Currently, at least three nuclear powers have nuclear-armed cruise missiles: the United States, Russia, and France. At least two of these (the United States and Russia) – as well as other nations such as Pakistan and India that today have nuclear warheads solely on ballistic missiles – are eyeing an expansion of nuclear cruise missile capabilities. These weapons are taking on an increasing role in their views of national security.
While Pyongyang is solely responsible for its actions, these trends by other nations are making it easier for North Korea to hedge in the direction of nuclear cruise missiles, which carry unique dangers even compared to the ballistic missile-based systems North Korea already has.
These dual-use weapons have clear utility at the operational and tactical levels during a conflict. Whether delivered by sea, ground, or air launches, they can avert defences more effectively than ballistic missiles. A nuclear payload is indistinguishable from a conventional one until detonation. A miscalculation on launch is inevitable.
In countries that possess them, they are often discussed by the defence and high-political leaders as the most usable type of nuclear weapon in warfare. Indeed, this is why world leaders in the past worked for decades to reduce the presence of nuclear-armed cruise missiles.
A ballistic missile, on the other hand, is instantly recognizable on launch, whether from land or sea-based location, and numerous nations arm these missiles with nuclear warheads. Launched by a state owning nuclear weapons, such a launch will be classified immediately as a nuclear attack. The risk of miscalculation is reduced. The certainty and implacability of a nuclear response deliver strategic deterrence.
Given that they leave such situations ambiguous, nuclear cruise missiles weaken deterrence, risk lowering the threshold of using nuclear weapons, and heighten the risk of countries misinterpreting one another’s actions in ways that may escalate an otherwise conventional conflict to the use of nuclear weapons.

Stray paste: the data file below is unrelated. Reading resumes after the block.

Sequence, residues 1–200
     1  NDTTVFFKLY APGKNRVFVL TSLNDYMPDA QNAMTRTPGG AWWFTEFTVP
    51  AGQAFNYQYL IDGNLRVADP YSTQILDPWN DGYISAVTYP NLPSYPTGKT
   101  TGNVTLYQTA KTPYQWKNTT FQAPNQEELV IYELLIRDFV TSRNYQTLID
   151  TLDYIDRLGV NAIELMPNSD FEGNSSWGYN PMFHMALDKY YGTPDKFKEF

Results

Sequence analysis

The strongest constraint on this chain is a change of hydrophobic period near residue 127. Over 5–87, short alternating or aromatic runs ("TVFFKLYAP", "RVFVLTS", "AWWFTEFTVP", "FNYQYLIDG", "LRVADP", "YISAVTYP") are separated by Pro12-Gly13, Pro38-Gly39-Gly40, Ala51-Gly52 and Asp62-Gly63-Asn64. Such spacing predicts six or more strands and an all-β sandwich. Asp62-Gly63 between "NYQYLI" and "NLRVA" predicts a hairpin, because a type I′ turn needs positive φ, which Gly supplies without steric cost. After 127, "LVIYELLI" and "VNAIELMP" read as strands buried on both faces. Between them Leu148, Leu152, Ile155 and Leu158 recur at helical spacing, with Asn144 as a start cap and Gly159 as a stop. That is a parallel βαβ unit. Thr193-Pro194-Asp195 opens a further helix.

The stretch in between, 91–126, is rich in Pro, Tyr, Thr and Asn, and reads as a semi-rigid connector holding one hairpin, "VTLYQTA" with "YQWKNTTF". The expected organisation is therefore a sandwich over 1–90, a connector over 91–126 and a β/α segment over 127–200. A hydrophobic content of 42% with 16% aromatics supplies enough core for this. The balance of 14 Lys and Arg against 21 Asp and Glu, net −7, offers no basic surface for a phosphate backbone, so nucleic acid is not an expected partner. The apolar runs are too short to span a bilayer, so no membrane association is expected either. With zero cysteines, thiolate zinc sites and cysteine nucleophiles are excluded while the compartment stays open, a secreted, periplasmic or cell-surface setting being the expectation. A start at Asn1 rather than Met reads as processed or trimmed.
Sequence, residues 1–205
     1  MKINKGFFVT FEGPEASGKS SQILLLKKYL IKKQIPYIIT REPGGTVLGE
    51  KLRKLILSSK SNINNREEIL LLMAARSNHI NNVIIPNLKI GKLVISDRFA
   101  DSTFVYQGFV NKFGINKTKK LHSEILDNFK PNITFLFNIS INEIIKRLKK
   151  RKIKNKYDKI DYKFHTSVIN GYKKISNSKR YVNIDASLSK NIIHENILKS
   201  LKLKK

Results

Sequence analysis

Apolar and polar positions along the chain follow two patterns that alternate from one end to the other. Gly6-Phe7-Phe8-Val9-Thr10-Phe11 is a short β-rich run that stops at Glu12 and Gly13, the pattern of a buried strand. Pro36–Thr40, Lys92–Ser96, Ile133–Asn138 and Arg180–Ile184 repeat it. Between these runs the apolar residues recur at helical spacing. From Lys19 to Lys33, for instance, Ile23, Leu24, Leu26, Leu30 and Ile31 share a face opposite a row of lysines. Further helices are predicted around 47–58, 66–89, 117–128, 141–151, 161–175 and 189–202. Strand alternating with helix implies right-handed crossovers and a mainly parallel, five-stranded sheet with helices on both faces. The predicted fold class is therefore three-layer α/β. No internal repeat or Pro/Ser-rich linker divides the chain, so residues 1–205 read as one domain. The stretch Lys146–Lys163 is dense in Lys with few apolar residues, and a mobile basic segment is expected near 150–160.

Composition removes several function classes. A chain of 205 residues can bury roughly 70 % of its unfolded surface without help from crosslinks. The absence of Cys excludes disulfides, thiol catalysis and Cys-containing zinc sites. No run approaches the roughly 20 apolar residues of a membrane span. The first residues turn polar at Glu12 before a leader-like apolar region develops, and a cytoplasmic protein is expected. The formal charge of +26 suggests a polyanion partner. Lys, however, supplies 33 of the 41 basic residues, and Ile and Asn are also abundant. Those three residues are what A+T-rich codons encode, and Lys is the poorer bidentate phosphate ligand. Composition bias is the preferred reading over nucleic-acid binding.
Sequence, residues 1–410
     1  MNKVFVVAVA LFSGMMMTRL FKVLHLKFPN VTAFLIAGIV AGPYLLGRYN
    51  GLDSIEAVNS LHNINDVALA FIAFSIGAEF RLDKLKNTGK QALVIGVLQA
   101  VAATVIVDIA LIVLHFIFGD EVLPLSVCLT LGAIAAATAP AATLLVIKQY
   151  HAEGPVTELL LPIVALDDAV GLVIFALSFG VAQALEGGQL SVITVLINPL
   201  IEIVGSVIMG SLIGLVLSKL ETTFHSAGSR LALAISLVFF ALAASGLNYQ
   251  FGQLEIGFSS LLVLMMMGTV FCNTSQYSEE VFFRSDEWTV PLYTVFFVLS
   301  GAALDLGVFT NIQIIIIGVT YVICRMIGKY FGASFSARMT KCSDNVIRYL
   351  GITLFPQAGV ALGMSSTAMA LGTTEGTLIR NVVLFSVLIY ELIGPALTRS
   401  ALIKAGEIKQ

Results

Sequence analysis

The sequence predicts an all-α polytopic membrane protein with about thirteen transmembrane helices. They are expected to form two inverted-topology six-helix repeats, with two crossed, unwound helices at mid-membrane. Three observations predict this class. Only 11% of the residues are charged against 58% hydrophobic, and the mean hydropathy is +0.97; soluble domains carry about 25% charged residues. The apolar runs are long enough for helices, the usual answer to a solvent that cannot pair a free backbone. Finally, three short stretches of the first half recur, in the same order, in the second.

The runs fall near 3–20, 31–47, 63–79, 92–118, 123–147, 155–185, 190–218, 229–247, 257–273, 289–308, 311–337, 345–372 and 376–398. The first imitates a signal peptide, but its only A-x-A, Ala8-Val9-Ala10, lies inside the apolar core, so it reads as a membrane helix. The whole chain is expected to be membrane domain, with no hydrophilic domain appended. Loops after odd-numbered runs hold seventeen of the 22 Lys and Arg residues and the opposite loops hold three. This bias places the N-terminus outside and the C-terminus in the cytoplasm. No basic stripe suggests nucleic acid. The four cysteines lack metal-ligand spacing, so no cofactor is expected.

As such, owning nuclear cruise missiles immediately signals that the state is contemplating the employment of these nuclear weapons at a less than strategic level – in other words, for uses in actual warfighting, beyond deterrence or retaliation to nuclear attacks.
Additionally, nuclear cruise missiles pose a setback to non-proliferation efforts, as seen by North Korea’s new test (if, indeed, the regime intends to make these missiles nuclear). Several nuclear-armed nations, including Russia and the United States, have sufficiently robust nuclear arsenals with solely ballistic missiles. Their increased focus on nuclear arming of cruise missiles – a type of nuclear weapon that in decades past was a focus of arms control measures and reductions – signals an increasing reliance on nuclear weapons in these nations’ security strategies.
There is much the international community can do to change course, which may help to avoid signalling the wrong lessons to Pyongyang.
To start, leaders of nuclear-armed nations and their allies should look to replicate the Intermediate-Range Nuclear Forces Treaty in its focus on nuclear risk reduction – not just reducing numbers of warheads and delivery systems.
This treaty removed shorter-range (and therefore lower-threshold-for-use) nuclear missiles from an entire continent. Its chief benefit among many was that it focused on the characteristics of nuclear systems and aimed to reduce the specific aspects that made these systems so incredibly destabilizing, in particular, that they were seen as more “usable” within Europe.
The international community should now double down on work toward the end of nuclear cruise missiles. Rhetoric and even sanctions will not prove sufficient. It is time to signal through the actions of world leaders that the international community will work together, even across significant differences, to bring an end to the most destabilizing type of nuclear weapons.
As Presidents Biden and Putin reiterated on June 16, 2021, “A nuclear war cannot be won,” so why continue with weapons optimized for fighting one?
Christine Parthemore is the Chief Executive Officer of the Council on Strategic Risks. She was formerly senior advisor for countering weapons of mass destruction at the Pentagon.
Rear Admiral John Gower, CB OBE, is a senior advisor with the Council on Strategic Risks. He formerly served as Assistant Chief of Defence Staff (Nuclear & Chemical, Biological) in the UK Ministry of Defence.